Perhaps newcomers are just not the intended audience. The script lain out by Andolfo and Goy may indeed bear its own weight and be rather entertaining. These characters may be complex and gripping, their location truly extraordinary. Unfortunately, none of that complexity really gets across to someone just picking up “Deep Beyond” #5 as the first look into this strange universe.

Andrea Broccardo helps to make up for what is lacking in the script with his excellent illustrations. The facial expressions of various characters help to showcase their personalities very well when the script supports it, especially in cases of high stress or shock. The designs around the extraterrestrial entities and environments are both otherworldly and a little relatable at the same time, allowing for them to fall deep into the uncanny valley of design, likely deliberately. At the same time, the facial expressions shown help to keep things relatable, as while the humans already seem easy enough to understand, the otherworldly entities also are given enough expression to both seem alien and have just enough shock, curiosity, and surprise to keep them from being completely incomprehensible to the point of readers not caring.

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Perspective is especially prominent in Broccardo’s illustrations on “Deep Beyond” #5. The distances traveled are enormous indeed, and at times, tricks of point of view, such as a very close focus that disguises a grievous injury, helps to enhance shock when the truth of what is happening is revealed. At other times, a wider point of view helps to give a surprise in a different way. To wit, a viewpoint from far, far away with a smaller inset panel demonstrates where a person is in the total perspective of the entire area, as well as how far away they are from any place to escape their current predicament.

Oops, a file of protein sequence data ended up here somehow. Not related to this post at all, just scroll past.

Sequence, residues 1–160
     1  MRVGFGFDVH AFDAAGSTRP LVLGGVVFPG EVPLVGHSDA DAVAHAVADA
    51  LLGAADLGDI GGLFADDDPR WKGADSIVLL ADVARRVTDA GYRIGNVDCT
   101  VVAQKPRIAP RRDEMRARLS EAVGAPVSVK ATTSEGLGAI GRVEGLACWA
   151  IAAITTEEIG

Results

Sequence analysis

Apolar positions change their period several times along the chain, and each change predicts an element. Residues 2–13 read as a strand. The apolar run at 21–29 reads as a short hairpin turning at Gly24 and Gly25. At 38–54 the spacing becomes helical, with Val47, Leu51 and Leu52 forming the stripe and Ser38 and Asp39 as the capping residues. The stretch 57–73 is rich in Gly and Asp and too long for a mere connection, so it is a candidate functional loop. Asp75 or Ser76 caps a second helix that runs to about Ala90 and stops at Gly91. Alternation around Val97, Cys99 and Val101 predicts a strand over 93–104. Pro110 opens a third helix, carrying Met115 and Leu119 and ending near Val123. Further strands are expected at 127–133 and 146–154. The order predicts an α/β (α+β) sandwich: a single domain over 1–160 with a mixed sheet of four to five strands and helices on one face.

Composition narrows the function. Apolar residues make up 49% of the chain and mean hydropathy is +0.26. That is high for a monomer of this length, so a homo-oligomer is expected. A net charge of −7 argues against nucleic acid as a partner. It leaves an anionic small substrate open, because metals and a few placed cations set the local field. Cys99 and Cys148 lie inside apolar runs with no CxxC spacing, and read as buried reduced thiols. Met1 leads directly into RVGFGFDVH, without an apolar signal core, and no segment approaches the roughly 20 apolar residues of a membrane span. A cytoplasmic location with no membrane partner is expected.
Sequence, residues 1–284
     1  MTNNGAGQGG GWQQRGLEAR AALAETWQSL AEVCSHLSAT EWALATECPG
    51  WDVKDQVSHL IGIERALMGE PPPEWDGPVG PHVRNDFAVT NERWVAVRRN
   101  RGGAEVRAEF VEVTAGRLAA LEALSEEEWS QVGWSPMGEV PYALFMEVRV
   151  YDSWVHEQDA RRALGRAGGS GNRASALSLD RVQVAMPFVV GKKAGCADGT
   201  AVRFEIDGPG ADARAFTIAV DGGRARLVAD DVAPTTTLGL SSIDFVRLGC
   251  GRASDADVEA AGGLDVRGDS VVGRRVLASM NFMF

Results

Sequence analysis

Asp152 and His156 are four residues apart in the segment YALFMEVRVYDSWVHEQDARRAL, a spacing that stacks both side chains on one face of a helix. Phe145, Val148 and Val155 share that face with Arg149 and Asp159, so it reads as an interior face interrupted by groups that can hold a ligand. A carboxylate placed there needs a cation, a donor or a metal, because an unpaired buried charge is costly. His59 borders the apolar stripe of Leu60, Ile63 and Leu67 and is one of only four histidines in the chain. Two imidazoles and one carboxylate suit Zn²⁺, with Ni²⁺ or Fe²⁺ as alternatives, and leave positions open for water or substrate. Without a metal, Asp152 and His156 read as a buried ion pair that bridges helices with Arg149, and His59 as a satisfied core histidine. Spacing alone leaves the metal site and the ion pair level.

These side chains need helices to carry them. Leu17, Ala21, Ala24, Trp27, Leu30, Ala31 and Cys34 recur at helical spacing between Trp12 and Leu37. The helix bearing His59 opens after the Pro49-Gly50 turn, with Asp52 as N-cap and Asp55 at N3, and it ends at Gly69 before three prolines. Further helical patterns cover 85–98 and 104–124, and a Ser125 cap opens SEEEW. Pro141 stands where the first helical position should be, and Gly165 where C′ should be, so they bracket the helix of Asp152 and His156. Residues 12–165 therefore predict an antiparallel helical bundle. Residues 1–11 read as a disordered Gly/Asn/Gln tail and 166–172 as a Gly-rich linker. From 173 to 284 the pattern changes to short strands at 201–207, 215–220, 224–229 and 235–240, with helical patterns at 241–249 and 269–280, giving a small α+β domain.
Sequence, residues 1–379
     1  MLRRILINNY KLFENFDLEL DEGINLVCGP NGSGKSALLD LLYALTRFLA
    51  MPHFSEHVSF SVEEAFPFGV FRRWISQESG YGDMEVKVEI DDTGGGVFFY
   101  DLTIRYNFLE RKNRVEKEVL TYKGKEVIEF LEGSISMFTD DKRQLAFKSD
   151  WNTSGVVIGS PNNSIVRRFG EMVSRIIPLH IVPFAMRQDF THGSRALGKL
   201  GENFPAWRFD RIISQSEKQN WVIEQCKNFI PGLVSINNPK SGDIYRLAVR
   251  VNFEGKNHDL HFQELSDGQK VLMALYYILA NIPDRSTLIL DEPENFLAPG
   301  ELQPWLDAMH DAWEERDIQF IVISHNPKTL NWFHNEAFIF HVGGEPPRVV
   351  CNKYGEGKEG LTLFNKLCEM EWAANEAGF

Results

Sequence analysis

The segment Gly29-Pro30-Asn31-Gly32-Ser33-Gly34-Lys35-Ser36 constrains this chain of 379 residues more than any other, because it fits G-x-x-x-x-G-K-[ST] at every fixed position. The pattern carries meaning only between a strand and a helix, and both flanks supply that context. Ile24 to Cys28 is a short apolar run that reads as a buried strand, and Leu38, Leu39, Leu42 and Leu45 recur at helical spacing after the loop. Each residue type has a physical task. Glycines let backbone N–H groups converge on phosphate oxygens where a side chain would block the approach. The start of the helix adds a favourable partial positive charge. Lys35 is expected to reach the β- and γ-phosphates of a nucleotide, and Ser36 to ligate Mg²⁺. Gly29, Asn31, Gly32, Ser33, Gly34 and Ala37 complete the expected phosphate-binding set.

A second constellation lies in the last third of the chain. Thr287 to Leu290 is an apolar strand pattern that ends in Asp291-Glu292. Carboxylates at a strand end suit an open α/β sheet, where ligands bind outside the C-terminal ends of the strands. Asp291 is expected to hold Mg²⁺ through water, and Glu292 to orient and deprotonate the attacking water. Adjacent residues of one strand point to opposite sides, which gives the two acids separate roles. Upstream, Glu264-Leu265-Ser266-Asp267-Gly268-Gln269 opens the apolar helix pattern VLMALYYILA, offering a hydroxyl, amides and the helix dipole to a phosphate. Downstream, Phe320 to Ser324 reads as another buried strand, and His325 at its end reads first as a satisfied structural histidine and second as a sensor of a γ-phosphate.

At times, Barbara Nosenzo’s colors, especially in terms of backgrounds, are dependent upon the tone of the scene and the mental state of the characters more than the true lighting and color of their surroundings. Splashes of color indicate their feelings or stress, or at times their wonder. Only when the characters calm down do colors seem more indicative of what they actually see, such as warm hues during a scientific discussion or cooler ones in quieter scenarios, helping to excite or calm readers. In general, the color choice seems to indicate what the apparent protagonists of a given scene are thinking, particularly in those high-emotion situations.

Final Verdict: 6.5– “Deep Beyond” proves somewhat interesting, but not really enough to entice a new reader to continue forward.

Gregory Ellner

Greg Ellner hails from New York City. He can be found on Twitter as @GregoryEllner or over on his Tumblr.